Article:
What about the weeks in a row you did no sewing, like last spring? Or the afternoons you waste shopping?

 

So I had hand surgery and went on a couple of trips. My imagination was still working all the time. I’ve learned that getting out in the world rejuvenates my work. Julia Cameron (book: The Artist’s Way) recommends taking an Artist’s Date once a week. A shopping trip can give me a feel for current trends, construction techniques, and new ways to combine color.

Aren’t you a little too old to come up with pieces like the cool and trendy things you see online and in the hipster shops?

 

Seriously? I’m too old to see life through the one lens that shows only what’s cool and trendy. I’ve seen styles come and go long enough to know that style and fashion and beauty all have different definitions. I also know it’s fun to play with a trend when I choose to. I’m surprised at how often I’m drawn to playing with a color or design detail. And the next season, I see it all over the stores.

What makes you so special? You’ve made a few pieces to be proud of. People who don’t sew think there is something unique in it. You’re just lucky sometimes.

 

Yes, I have been lucky and sometimes I’m unlucky. Isn’t it kind of the point?—To create something for people who cannot or do not want to make it for themselves? I also think there is more operating than just luck. When I can be still in my brain and get in the Creation Zone, I think that inspiration can come through me and into my work. I’ve heard Julia Cameron and other artists talk about this too. If my talent comes from the Source of All Creation, who am I to say “No, I don’t think I want to participate in that?”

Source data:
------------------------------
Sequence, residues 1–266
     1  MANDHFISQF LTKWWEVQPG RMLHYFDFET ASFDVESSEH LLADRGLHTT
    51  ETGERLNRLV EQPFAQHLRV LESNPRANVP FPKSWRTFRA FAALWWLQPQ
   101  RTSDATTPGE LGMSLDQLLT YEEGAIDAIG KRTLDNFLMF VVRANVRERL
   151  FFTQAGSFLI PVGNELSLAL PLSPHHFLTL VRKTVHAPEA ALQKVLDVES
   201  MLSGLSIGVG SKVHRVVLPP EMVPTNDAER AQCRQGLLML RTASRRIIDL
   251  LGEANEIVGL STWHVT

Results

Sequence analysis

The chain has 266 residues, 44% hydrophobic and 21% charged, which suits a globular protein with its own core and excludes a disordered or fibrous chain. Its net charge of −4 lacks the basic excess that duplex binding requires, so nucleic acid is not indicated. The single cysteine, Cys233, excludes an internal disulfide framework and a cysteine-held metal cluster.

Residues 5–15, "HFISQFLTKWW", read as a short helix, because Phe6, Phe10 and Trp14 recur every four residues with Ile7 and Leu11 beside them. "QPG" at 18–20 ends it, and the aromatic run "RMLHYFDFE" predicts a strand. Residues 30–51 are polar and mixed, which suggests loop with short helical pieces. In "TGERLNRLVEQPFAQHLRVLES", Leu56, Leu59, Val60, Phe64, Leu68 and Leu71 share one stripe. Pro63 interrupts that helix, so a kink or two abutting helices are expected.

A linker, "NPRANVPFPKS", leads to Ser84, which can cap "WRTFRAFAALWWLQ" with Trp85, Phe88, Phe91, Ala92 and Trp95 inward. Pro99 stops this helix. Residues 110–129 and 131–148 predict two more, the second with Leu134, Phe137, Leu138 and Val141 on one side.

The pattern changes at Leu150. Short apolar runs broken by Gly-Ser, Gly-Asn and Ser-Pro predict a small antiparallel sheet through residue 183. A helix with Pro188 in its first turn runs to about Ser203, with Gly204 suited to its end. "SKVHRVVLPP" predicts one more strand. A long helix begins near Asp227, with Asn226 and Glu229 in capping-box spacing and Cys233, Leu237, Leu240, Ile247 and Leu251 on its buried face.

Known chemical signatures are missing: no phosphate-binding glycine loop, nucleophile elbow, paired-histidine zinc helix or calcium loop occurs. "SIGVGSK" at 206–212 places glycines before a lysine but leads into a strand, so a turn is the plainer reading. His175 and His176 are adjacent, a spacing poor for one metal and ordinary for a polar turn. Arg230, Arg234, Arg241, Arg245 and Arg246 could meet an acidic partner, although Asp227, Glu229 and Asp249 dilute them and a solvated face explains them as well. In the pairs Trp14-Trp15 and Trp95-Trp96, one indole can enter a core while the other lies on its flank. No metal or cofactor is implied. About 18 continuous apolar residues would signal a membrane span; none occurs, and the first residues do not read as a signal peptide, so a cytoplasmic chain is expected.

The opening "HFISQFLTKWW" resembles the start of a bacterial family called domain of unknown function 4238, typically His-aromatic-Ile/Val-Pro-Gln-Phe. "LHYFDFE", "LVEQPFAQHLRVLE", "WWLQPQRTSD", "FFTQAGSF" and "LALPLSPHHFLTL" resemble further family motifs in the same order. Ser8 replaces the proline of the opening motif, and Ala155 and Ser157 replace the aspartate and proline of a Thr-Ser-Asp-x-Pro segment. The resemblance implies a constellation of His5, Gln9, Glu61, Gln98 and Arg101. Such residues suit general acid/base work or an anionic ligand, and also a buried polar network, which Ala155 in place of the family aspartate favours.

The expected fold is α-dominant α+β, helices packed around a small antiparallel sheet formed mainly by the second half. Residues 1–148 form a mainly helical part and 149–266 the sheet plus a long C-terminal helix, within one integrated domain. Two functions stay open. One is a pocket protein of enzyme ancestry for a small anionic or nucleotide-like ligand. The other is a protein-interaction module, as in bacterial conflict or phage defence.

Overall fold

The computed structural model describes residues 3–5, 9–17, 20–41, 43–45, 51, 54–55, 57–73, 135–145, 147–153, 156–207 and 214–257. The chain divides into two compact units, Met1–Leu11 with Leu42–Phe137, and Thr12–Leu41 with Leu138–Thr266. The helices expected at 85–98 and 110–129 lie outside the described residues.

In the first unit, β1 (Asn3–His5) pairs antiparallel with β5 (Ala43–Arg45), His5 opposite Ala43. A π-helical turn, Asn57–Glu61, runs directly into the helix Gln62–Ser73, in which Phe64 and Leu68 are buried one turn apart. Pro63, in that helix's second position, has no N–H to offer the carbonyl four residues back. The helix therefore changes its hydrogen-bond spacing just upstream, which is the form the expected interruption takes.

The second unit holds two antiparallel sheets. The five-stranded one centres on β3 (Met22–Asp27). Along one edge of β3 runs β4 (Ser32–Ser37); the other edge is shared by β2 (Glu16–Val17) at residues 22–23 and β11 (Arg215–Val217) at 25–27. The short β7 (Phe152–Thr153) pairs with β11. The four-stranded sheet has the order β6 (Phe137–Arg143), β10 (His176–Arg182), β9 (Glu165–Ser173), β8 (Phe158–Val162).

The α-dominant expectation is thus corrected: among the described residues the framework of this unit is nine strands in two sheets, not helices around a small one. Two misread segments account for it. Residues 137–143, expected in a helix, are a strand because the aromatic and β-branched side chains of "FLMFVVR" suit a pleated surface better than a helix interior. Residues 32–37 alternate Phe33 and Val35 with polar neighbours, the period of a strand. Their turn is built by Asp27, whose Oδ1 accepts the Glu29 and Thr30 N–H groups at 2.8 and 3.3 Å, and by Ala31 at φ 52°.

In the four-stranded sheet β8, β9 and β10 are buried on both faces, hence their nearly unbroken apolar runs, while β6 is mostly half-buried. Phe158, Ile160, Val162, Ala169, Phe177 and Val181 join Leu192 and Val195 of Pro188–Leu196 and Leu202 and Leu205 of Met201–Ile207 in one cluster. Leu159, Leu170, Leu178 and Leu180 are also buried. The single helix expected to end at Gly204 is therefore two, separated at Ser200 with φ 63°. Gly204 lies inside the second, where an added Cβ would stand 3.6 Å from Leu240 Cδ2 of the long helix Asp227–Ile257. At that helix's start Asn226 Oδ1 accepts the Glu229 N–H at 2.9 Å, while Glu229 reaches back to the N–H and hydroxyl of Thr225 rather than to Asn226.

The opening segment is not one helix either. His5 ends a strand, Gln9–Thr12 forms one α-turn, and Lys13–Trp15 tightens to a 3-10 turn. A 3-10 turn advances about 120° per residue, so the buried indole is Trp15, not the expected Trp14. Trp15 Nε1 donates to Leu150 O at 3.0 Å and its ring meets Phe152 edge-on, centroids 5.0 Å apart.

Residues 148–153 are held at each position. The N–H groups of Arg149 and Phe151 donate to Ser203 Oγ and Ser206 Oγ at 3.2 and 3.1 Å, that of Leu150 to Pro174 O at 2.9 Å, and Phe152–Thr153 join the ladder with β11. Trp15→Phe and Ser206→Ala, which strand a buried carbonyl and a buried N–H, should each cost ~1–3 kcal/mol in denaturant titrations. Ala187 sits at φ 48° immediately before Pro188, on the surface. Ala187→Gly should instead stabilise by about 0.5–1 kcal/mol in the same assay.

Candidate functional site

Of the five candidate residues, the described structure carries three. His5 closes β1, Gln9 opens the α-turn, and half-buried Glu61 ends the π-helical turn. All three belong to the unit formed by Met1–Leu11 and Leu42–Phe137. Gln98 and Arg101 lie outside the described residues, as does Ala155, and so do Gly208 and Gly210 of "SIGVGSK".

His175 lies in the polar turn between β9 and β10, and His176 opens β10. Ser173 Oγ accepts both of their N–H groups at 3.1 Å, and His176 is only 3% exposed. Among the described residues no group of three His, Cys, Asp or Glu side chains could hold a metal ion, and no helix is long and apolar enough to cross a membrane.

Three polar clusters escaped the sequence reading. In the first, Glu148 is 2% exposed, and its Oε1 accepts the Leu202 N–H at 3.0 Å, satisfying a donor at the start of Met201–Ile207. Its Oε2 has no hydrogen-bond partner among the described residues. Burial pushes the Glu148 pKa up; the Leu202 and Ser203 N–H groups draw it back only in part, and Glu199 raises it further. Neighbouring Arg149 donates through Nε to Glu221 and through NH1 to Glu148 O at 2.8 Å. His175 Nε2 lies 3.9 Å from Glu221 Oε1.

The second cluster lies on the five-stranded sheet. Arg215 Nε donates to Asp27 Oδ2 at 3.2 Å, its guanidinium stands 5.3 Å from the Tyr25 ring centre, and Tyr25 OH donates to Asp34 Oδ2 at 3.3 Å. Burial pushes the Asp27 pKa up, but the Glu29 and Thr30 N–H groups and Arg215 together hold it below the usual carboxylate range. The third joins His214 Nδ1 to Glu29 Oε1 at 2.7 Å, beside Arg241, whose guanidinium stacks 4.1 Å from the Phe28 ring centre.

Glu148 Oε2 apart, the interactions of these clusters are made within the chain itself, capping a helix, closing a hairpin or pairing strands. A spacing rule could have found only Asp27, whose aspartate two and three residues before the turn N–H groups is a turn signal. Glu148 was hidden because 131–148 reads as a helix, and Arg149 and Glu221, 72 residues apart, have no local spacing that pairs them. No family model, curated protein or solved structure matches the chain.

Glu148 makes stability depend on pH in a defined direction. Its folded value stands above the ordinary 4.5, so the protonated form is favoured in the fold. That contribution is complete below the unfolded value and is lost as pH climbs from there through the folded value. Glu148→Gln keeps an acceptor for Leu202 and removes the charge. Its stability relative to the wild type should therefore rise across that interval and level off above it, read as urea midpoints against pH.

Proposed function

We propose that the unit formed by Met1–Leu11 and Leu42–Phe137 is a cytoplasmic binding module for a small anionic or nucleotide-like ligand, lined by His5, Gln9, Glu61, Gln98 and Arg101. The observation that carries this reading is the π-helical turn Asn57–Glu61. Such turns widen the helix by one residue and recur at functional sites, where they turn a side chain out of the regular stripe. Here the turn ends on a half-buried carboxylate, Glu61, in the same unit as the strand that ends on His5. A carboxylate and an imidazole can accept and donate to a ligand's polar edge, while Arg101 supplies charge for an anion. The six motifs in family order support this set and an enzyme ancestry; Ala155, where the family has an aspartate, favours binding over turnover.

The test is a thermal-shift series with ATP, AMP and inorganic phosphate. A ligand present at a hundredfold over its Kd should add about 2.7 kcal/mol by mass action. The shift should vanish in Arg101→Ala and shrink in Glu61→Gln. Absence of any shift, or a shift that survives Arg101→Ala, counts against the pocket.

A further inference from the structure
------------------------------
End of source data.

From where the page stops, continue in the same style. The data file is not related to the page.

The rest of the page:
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Wow! I’m amazed at how easy it is to come up with answers to these jabbing thoughts. To get this back-and-forth out of my head and onto the screen helps me see the answers as more than excuses. A rationale is different and I can use it to guide me. I admire people in my life who do things for no direct monetary reason. Since that is the way I’m put together, I want to see the beauty in creating for the sake of creating.  I want that for myself and anyone else who will tread on this rocky ground.

It strikes me that I am a most fortunate woman. I do not want to waste more energy feeling guilty for that. I can almost imagine what I could come up with when I put that energy towards creatingImage.

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Carol

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Creativity can be found whenever someone is problem solving to bring about something delightful. I do not believe that there are 2 groups of people, related to creativity. Here’s hoping that we can all choose whether or not to forget what our 3rd grade art teacher instilled in us.